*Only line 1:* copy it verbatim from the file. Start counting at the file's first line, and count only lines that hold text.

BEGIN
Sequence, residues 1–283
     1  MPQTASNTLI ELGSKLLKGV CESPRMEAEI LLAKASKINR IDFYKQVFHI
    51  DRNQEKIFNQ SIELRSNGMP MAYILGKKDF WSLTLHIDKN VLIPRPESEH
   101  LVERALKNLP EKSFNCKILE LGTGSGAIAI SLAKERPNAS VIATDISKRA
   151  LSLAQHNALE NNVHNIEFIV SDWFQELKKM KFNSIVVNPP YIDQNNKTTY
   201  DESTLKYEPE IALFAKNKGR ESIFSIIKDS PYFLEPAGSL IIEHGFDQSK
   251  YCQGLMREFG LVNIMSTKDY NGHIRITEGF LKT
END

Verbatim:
Sequence, residues 1–283